Native Texan and Major Gift Officer for Episcopal Relief & Development, Mike Smith, recently traveled to his home state to witness and document the devastating impact of the storm. During his trip, he gained a deeper awareness of how neighbors work together during recovery efforts. Mike also witnessed the strength and power of ecumenical cooperation as congregations and church partners leveraged local relationships to meet the immediate and complex needs of diverse communities throughout Texas. Here is one of eight short stories Mike captured during his visit:
Faith Lutheran Church, 1.6 miles around the corner and down the street, wasn’t so lucky. Faith lost pews, hymnals, carpet, flooring and walls. Parishioners don’t expect even to get back into the building until late January. The main worship space will take longer and will cost more than they have.
The Reverend Stacy Stringer, rector of Holy Trinity Church, reached out to her counterpart, Pastor Deb Grant, inviting her and the Faith congregation to share Holy Trinity’s space and worship together. They’ve been doing so ever since, with a kind of tag team approach, alternating preaching and celebrating.
I was there on Advent 1. The priests’ stoles and the Advent wreath candles were blue, not purple, a simple act to recognize the Lutheran tradition.
In the Litany for Advent Hope, Pastor Grant prayed: “People of God, what will you do with hope?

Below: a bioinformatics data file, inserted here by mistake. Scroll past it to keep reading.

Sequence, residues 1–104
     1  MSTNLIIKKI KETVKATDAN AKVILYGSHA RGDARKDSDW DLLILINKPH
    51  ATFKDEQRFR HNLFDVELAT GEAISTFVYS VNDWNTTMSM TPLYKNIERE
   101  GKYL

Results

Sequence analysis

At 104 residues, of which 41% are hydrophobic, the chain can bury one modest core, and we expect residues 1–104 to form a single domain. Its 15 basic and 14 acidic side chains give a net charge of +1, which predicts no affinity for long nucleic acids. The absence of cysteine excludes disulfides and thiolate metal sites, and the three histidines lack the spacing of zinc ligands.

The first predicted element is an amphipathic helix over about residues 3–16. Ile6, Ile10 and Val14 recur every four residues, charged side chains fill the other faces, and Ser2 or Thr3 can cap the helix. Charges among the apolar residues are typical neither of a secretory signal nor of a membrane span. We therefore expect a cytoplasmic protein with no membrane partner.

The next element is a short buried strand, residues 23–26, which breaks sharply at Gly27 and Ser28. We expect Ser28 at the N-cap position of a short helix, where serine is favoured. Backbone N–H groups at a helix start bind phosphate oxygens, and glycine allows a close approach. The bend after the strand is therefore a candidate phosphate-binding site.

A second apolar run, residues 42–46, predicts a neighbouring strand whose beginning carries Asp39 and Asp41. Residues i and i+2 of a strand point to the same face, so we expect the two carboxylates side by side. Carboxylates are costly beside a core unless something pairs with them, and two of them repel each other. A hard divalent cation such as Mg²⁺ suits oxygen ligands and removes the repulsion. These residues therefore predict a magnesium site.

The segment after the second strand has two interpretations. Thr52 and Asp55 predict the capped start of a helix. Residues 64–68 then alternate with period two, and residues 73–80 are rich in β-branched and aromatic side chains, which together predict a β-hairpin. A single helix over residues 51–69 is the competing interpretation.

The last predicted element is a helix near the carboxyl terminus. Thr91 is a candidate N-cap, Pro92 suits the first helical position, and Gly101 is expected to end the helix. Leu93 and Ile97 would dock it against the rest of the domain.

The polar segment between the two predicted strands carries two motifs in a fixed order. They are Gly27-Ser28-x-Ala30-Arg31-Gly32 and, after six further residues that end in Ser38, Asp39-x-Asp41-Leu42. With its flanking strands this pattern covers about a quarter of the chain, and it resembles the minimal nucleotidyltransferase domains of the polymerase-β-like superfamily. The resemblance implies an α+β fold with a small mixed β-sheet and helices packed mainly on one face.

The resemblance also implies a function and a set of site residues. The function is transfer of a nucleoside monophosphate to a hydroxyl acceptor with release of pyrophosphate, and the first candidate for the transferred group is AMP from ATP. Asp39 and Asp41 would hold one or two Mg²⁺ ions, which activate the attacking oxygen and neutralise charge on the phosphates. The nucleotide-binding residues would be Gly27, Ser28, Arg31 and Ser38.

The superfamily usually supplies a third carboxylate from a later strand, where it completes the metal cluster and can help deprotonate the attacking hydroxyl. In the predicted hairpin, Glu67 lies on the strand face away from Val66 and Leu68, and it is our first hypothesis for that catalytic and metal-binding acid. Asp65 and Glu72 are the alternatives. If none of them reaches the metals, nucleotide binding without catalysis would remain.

The congregational response: “We will light a candle. We will not let despair rule the day."
In her sermon, Reverend Stringer spoke of the darkness that had threatened so much of the Dickinson community since Harvey, and how easy it can be to fall into despair. But she reminded worshipers that their community had not fallen, that they were bringing light to the world through their care for each other.
“Advent tells us to keep watch, prepare, to see what is needed and then do something to help, “ she said.
Reverend Stringer never thought much about disaster relief and response, but now says, “Maybe this is exactly what I’m being called to do.”
The church parking lot, which was used as a launching point in September for a flotilla of rescue boats, was full on the Sunday I visited. After services, Rev. Stringer and Pastor Grant greeted worshipers after the 10:30 service.
People lingered, talking with the ministers and each other, finally leaving to return to their lives, some of which will be in flux for a long time.
Heading back down route 517, I passed Faith Lutheran church and saw the marquee that said, simply: “We Thank God for Holy Trinity Episcopal Church.”